The blasts in the quiet neighborhoods off Hardy-McManus Road may not be Independence Day revelers with a bag of firecrackers. It could be actual dynamite.
The Columbia County Water and Sewage Department is doubling the size of its Little River Water Pollution Control Plant.
Construction crews are blasting large rocks so they can be moved out of the way to make room for the big pit that will house the new wastewater treatment basin.
"We're expanding (the Little River) plant from a 3-million-gallons-a-day facility to a 6-million-gallons-a-day facility," said Bill Clayton, the director of the water and sewage department. "Basically, it'll be a duplicate of what you already see out there."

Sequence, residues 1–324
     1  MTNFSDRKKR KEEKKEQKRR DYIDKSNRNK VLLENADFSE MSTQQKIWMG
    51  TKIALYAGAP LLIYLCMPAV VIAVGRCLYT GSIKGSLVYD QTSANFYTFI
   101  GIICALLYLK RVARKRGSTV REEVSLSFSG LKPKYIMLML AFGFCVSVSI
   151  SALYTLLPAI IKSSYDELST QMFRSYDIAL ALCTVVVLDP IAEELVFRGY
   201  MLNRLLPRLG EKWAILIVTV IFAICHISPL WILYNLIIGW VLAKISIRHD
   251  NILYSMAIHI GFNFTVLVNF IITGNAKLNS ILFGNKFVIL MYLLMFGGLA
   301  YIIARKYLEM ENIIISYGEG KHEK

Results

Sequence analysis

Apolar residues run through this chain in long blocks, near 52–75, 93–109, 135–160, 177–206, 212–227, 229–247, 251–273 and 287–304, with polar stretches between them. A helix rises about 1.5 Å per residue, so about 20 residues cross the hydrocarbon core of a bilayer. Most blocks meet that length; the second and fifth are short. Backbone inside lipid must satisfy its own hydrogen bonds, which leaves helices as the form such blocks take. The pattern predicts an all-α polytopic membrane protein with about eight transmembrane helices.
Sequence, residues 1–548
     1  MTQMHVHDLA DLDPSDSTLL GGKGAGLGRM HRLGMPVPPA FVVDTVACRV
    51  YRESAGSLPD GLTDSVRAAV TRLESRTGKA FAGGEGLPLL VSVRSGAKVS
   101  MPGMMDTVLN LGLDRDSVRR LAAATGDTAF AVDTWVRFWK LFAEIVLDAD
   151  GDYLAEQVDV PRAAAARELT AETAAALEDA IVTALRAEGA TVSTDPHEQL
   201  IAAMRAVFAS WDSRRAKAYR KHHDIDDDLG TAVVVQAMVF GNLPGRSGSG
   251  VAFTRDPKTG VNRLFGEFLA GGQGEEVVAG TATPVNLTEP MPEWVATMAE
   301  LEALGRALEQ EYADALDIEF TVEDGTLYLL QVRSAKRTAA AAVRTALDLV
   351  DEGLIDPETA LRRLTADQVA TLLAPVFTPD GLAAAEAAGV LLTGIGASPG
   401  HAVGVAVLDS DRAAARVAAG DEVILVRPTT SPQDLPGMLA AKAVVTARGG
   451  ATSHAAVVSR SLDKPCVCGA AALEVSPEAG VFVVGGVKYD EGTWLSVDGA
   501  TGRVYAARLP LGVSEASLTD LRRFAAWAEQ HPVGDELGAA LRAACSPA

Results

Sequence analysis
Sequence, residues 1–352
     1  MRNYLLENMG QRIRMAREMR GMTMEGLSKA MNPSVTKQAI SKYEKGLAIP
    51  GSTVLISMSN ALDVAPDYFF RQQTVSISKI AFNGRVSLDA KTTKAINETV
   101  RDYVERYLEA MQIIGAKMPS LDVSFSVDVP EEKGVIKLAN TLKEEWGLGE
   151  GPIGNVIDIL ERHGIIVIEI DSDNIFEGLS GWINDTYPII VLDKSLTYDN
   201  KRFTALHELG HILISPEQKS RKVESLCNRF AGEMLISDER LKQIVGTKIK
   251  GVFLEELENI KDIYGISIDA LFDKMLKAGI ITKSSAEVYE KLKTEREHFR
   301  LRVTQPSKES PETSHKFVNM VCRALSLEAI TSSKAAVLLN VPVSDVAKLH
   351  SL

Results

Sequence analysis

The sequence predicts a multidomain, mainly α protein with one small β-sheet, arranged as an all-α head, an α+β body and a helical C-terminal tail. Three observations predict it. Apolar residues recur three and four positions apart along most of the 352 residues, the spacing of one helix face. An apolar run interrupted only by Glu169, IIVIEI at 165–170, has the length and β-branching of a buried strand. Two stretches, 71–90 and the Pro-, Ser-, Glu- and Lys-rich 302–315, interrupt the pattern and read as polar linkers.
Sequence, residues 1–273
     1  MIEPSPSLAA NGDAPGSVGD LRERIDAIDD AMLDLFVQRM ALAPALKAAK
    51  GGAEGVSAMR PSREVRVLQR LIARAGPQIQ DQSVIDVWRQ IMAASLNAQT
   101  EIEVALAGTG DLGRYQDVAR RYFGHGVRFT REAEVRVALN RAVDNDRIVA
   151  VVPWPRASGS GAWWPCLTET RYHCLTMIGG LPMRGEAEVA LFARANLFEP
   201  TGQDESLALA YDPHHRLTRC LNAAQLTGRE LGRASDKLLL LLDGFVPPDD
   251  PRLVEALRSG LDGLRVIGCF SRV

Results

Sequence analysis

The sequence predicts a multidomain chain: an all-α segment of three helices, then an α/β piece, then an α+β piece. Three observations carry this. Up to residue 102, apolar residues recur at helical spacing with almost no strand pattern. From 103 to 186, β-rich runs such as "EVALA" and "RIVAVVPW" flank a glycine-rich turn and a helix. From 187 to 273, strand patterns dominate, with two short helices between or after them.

The plant treats the sewage by mixing it with microorganisms that eat and attach themselves to the waste. That process makes the microorganisms heavier than the water, so the clean water rises to the top and is separated from the waste.
Darnell Douglas of Controlled Blasting Inc. drills a hole for dynamite at the Evans sewer plant construction site.
Photo by Jim Blaylock
"Next, they'll start pouring the concrete form and the concrete structure," Clayton said.
When completed in the fall of 2004, the $7 million addition will enable Little River to service about 3,500 more homes.
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